Andy's insights

Opinions, thoughts, archivements

Sun, 30 May 2010

Ultimate Atomic Waste Storage is the Wrong Way

Why do we still talk about final disposal of atomic waste? Don’t we learn from the past that this is the wrong way?

It’s confortable to think that once it’s burried we don’t have to care about it anymore. But we have to worry! There are plenty examples.

First take a landfill in an old clay pit used around 1980 to keep chemical waste. It was considered save as final disposal of chemical waste at this time. But then it was discovered that the landfill was not save: It stinks and fishes around the landfill died.

Then one of the most complicated and expensive1 reclamation of contaminated sites in Switzerland began. Due the target to final dispose the waste is not labeled and not packed to be simply removed. Each barrel content has to be identified and carefully recovered.

An now consider an ultimate atomic waste storage deep down in a salt stock sucking up with groundwater. Do we really trust in officials declaring it as save?

For instance take Gorleben in Germany. There was no sufficient scientific review of the spot. Simply the place with the least resistance was taken. It seem like Gorleben is still the favorit final disposal .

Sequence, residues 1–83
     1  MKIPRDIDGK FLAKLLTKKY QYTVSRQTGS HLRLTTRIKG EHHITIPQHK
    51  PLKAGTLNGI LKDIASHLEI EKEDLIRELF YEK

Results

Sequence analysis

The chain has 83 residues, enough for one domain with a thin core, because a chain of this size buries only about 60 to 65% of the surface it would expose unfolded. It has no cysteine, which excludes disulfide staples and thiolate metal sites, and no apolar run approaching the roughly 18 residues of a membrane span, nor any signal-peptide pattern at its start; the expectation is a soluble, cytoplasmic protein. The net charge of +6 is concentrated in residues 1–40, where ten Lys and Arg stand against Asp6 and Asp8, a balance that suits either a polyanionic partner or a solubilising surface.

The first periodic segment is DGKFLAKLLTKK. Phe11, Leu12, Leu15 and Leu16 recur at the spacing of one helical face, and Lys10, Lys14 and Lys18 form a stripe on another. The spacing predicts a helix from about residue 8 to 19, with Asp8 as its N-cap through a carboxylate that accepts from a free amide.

I’ll don’t talk about phasing out nuclear energy, this is another story. If we keep the power plants running we have to deal with the atomic waste the right way. We cant bury and forgot it, but we have to store it in atomic waste stores. This is a big difference to a final atomic waste store. The difference is that you can take the waste out of it whenever you like. The store may be deep in the mountain, but with a door. If water is intruding the store, you simply move the waste to another store.

The problem with this approach is that it costs more money right now. The costs add up to the total costs of the atomic energy. If you just can bury an forget the waste, the costs is hidden. Will be payed by the commonality in 10, 100, or 10000 years later. Share holder value don’t last so long.

1 A huge hall was build with the biggest self-supporting roof in Switzerland

posted at: 17:45 | path: /politics/energy | permanent link to this entry

Sat, 29 May 2010

Gulf of Mexico Oil Contamination

The oil leak is still spilling oil in our precious environment. For five weeks now.